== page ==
Interdisciplinary feminist scholarship has been at the forefront of attempts to produce knowledge about the world that is critical of the agendas and ideologies of the modern nation-state and that moves beyond U.S. centric conceptions of the world. This paper engages with such scholarship and examines the ways in which knowledge practices in fields such as Women’s Studies both are shaped by and materialize specific understandings of the world (through discursive, institutional and pedagogical practices). Such practices often inadvertently produce U.S national or state-centric conceptions of the world even as they seek to or claim to move beyond such territorial conceptions of the world. The paper provides an overview of such dynamics and then examines the potential of knowledge practices that can provide alternative ethical routes and ways of engaging with the world.
Kinew James was a 35 year old Aboriginal woman who, at the time of her death in January 2013, had spent half her life in jail, beginning as a teenager. She was often kept in solitary confinement and had threatened multiple times to hang herself. On the evening of her death, she reportedly cried for help for an hour about pains in her stomach. Ignored, she died of a heart attack one hour later. At a court appearance in 2011 when she pleaded guilty for damaging prison property and assaulting a guard, a judge compared her to Ashley Smith, another teenager who had a similar history and who died in the same prison in 2007.
Ashley Smith, a white teenager who had been imprisoned since 15, tied a ligature around her neck and strangled herself as several guards watched and the event was captured on video. The inquest (ongoing) has begun to establish that Ashley was a ‘hard to deal with’ inmate who tried to kill herself several times a day, secreting anything that might be used as a ligature. In their dealings with Ashley, Corrections personnel often wore combat gear, of the kind familiar to us in military encounters, and treated Ashley as detainees are treated in the ‘war on terror.’ A video captures the bound and duct taped teenager being transported by plane to yet another prison. When she arrives, eight men and women wearing protective suits and combat clothes tie her down and forcibly inject her five times with anti-psychotic medication. Smith was then left on a stretcher in her own urine for nine hours.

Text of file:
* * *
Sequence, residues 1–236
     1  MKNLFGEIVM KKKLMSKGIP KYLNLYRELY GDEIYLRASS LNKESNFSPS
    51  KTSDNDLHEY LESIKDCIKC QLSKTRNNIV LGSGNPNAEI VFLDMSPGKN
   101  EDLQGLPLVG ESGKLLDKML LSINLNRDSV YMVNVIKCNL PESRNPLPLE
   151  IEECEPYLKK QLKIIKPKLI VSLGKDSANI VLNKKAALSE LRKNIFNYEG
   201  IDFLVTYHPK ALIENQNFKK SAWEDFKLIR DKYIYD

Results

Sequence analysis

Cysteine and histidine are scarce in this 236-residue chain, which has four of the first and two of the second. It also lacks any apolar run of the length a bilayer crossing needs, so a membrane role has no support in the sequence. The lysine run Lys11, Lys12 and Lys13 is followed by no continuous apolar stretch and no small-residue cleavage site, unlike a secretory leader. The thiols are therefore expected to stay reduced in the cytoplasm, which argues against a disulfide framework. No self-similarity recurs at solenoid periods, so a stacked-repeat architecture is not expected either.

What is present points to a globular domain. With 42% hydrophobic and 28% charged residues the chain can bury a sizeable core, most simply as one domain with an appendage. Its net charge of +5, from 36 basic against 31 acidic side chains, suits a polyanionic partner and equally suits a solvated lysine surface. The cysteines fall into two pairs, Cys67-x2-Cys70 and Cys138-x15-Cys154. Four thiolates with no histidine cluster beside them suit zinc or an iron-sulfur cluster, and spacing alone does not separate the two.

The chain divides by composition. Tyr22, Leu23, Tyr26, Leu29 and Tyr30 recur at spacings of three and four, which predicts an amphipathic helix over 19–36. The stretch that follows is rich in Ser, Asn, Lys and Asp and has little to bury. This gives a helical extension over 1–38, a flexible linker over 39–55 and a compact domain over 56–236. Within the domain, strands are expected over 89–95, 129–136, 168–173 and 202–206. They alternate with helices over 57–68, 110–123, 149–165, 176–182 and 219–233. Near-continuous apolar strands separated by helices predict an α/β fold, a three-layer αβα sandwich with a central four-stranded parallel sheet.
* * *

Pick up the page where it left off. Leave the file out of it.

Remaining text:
The image of a bound and duct taped Ashley Smith recalls another teenager, also hooded and bound, Omar Khadr, a Canadian of Muslim/Arab origin. Held since 15 at Guantanamo and now incarcerated in Canada, Khadr’s life in prison mirrors James’s and Smith’s in many ways. Each was incarcerated as a teenager and each endured torture and a systematized indifference and brutality defended as necessary. In this paper I want to theorize the power imprinted on the incarcerated body, considering race and gender. The technologies of violence in these three cases are the same, their histories are interconnecting, and for each person, the prison is a space of terror and death. In each of these contexts, violence, far from being exceptional, seemed integral to the social order. I reflect on what this violence holds in place, and, in turn, what gives birth to, and sustains, it. Does the torture and everyday violence directed at one group have anything to do with the other? Is the role of law (or more often law’s abandonment) the same in each context? Am I trying to say something about the relationship between Black, Brown and Indigenous bodies in white supremacy and under neo-colonial and colonial regimes? Where would I place the increasing violence directed at inmates of North American prisons, and the continuous violence authorized against those classified as mentally ill, and the war on women that Andrea Dworkin referred to a few decades ago?